The Leica Ultravid 8×50 HD-Plus (stated on the label as 8×50 HD) is a wide-field, large objective binocular perfect for spotting subjects during the day or in low light levels such as twilight. The binoculars also come in 8/10×32, 7/8/10×42, and 10/12×50 variants, providing a huge range of magnification and objective lens diameter options to choose from.
Leica Ultravid 8×50 HD-Plus specs:
Design: Roof prism
Magnification: 8x (10 and 12x also available)
Objective lens aperture: 50mm
Angle of view: 6.6 degrees (115 m / 1000 m)
Eye relief: 17 mm (0.67 in)
Weight: 2.2 lbs (1,010 g)
Dimensions: 4.9 x 2.7 x 7.2 in (120 x 68 x 182 mm)
The Ultravid 8x50s are hefty binoculars, weighing as much as a bag of sugar and standing taller and wider than one as well. But the neat form factor, as is synonymous with Leica design, keeps them feeling svelte in the hand.
When using the binoculars, views were impressive, and sharpness was retained throughout the image circle. The 8x50s were certainly our binocular of choice when trying to spot flighty bird subjects during twilight when the light levels had dropped. There were a couple of niggles we ran into, but overall the Ultravids are a solid option should you have the cash to buy a premium pair such as these.
Leica Ultravid 8×50 HD-Plus binoculars: Design
- Solid magnesium housing with titanium axle and rubber armoring
- Comfortable thumb rest aids with holding the binoculars
- Unassuming all-black appearance keeps them inconspicuous
Leica is fantastic at keeping binocular designs simple and polished. The entire body of the Ultravid 8×50 HD-Plus binoculars is covered in matte black rubber armoring that sits over a lightweight magnesium housing. The rubber tucks neatly over the edges where the eyepiece cups connect to the body and again around the objective edge and back into the glass.
Even the logo and model name are carefully recessed into the binocular body, with the former sitting high up near the focusing wheel and the latter etched into the neckstrap mounting point, leaving the rest of the body a simple, smooth black.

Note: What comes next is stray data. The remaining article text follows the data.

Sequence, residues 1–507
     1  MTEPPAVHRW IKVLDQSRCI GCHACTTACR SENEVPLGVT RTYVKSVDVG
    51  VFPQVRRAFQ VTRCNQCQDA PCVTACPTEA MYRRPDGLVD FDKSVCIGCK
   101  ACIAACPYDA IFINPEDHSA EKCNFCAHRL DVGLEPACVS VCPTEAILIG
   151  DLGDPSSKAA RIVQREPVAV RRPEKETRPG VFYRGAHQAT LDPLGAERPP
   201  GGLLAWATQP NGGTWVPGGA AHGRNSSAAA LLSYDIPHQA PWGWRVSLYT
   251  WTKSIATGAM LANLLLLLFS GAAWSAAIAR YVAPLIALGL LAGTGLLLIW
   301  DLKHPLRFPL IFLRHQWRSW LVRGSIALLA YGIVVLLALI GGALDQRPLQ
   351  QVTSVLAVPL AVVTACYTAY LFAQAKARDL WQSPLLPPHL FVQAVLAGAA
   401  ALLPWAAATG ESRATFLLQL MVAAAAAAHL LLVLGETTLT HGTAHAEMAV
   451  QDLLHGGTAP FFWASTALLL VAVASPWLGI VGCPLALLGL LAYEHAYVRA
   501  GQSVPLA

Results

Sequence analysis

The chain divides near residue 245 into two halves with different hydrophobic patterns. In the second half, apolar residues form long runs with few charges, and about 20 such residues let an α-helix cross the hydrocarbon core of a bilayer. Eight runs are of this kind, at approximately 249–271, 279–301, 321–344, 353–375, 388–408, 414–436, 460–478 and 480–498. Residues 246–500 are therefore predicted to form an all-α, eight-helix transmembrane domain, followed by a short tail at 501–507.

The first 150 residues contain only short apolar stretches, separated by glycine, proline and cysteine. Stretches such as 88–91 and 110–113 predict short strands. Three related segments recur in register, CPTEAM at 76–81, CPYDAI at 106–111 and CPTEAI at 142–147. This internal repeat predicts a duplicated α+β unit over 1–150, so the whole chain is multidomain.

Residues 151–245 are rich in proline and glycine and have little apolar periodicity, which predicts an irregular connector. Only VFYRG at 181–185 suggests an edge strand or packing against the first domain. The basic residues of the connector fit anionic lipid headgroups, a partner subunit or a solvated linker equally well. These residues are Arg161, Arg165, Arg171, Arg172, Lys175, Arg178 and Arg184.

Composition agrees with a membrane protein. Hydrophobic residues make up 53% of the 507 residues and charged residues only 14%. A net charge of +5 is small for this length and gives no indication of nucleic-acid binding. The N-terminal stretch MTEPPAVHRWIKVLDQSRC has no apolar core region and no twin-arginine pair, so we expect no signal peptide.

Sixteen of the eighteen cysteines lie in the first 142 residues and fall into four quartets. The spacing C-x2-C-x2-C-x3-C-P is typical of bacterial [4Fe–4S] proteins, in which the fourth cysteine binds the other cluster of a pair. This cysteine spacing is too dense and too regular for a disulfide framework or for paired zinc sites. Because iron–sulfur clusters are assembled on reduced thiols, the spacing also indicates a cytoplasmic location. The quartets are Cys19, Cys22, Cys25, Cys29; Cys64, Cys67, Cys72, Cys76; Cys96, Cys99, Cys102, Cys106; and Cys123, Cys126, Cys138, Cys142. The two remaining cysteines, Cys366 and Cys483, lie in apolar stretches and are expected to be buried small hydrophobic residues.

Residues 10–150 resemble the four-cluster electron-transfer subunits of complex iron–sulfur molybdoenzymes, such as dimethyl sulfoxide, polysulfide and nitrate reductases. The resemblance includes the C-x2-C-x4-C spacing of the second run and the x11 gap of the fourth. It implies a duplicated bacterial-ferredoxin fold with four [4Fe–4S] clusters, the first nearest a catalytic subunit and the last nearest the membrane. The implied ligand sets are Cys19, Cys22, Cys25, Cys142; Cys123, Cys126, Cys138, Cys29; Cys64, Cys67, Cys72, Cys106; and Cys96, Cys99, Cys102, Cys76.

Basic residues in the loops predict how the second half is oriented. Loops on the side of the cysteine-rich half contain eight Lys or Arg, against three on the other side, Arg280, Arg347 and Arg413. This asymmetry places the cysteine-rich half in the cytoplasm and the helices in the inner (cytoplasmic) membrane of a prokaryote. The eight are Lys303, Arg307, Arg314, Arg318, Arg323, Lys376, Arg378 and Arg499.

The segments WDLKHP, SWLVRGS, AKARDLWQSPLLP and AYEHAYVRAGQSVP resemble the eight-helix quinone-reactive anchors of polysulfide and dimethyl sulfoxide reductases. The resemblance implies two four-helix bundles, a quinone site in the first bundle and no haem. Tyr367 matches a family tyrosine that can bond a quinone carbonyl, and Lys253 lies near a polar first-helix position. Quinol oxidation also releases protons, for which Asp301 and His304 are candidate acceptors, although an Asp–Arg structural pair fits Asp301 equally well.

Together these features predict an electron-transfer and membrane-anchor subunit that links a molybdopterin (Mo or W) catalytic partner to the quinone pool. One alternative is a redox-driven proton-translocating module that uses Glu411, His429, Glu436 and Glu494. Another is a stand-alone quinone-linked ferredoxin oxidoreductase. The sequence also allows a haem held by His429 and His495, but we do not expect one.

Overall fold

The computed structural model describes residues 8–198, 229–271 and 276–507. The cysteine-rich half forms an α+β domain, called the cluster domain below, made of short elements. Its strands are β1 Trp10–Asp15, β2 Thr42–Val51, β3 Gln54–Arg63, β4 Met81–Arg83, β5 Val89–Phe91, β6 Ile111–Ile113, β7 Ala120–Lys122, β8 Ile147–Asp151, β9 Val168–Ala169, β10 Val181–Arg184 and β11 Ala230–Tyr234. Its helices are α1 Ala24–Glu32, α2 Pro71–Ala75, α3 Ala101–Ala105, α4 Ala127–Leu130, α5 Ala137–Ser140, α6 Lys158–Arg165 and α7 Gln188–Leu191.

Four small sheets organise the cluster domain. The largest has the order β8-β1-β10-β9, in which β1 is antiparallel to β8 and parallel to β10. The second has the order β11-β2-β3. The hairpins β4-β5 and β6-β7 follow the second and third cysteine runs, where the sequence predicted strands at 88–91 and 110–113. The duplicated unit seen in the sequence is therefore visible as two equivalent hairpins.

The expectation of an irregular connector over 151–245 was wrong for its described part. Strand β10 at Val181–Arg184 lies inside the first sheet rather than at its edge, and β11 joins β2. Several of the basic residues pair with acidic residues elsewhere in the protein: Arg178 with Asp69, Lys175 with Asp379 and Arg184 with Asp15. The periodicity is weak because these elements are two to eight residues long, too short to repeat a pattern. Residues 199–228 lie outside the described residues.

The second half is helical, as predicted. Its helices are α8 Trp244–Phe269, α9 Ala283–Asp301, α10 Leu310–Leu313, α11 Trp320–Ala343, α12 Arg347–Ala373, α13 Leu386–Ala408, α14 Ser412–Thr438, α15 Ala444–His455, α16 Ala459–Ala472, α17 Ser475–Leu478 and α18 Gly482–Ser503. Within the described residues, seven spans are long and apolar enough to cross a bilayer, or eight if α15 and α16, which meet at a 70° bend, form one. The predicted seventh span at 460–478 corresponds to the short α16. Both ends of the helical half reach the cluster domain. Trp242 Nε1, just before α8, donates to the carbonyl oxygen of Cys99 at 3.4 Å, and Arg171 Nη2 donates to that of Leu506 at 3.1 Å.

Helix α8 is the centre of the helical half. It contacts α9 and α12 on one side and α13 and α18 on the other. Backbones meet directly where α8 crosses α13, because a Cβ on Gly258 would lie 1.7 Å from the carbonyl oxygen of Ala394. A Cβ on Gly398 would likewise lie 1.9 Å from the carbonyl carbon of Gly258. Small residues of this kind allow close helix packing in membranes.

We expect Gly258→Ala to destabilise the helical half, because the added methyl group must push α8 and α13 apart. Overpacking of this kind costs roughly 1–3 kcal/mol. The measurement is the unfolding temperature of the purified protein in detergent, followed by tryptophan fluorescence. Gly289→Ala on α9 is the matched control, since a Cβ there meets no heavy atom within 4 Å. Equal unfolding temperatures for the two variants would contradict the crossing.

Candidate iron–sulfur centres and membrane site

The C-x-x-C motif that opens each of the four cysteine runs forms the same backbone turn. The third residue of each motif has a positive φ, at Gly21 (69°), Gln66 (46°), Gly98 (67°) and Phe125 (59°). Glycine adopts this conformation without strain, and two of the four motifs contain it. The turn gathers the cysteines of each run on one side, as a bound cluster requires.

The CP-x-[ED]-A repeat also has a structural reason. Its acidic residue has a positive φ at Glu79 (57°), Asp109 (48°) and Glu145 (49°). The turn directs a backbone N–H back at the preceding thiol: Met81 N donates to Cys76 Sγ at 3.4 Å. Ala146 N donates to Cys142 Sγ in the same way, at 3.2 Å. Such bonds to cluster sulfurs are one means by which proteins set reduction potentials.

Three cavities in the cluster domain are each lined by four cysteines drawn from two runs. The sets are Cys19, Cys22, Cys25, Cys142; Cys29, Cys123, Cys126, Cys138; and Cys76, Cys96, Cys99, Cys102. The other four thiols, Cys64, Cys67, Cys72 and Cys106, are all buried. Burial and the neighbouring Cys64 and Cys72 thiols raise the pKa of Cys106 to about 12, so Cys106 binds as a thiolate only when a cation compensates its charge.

We had no issues holding the binoculars when out hiking or bird spotting, but the rubber is quite smooth, which may prove an issue if using them in wetter conditions.
However, because they are entirely black they could camouflage as run-of-the-mill binoculars for those feeling conspicuous about carrying around a pair of binoculars that cost thousands of dollars. This may be a good thing or a bad thing depending on whether you want the status of a premium binocular, or not. For us, we like the design and can see and feel why they’re as expensive as they are.
Flip the binoculars over and there’s a useful ridge toward the eyepiece end that supports the thumb during use and prevent slipping. This takes a step away from some of Leica’s smaller binoculars like the Trinovid 10×42 HDs, which feature no grip bumps like this or any texturing on the rubber itself. It’s welcome here, because at over 7 inches (18 centimeters) long and over 2.2 lbs (1 kilogram) the Ultravid 8x50s aren’t the smallest or lightest to carry around.
Leica Ultravid 8×50 HD-Plus binocular: Performance
- Bright views thanks to 50mm objectives
- Very sharp with no sign of chromatic aberration
- Vignetting around the edges of view
As one would expect with a large-diameter objective lens binocular such as these Ultravids, the 50mm objectives drink in light and aid with low-light observing. We could stay out a little longer past sunset or before sunrise with these binoculars because we could see a little more than with a similarly specced 42mm or 32mm variant.
The excellent lens coatings also helped to remove ghosting, flaring and improve light transmission. The high durable coating (HDC) and hydrophobic AquaDura coatings on the outside lenses maintain scratch resistance and waterproofing. The binocular body also retains waterproofing all round and can be submersed into water up to 16 feet (5 meters) deep (that’s 0.5 bars of pressure). Inside, the prisms are coated with a HighLux-System (HLS) and phase correction coating P40.
Integrated SCHOTT HT (High Transmission) glasses in the Ultravid HD-Plus binoculars (also seen in the Noctivid line) are specifically designed for high transmission to maximize light throughput.
Twist-up and down eyecups provide up to 0.7 inches (17 mm) of eye relief and are some of the best we’ve tested — especially for spectacles wearers — but we did still have an issue with vignetting.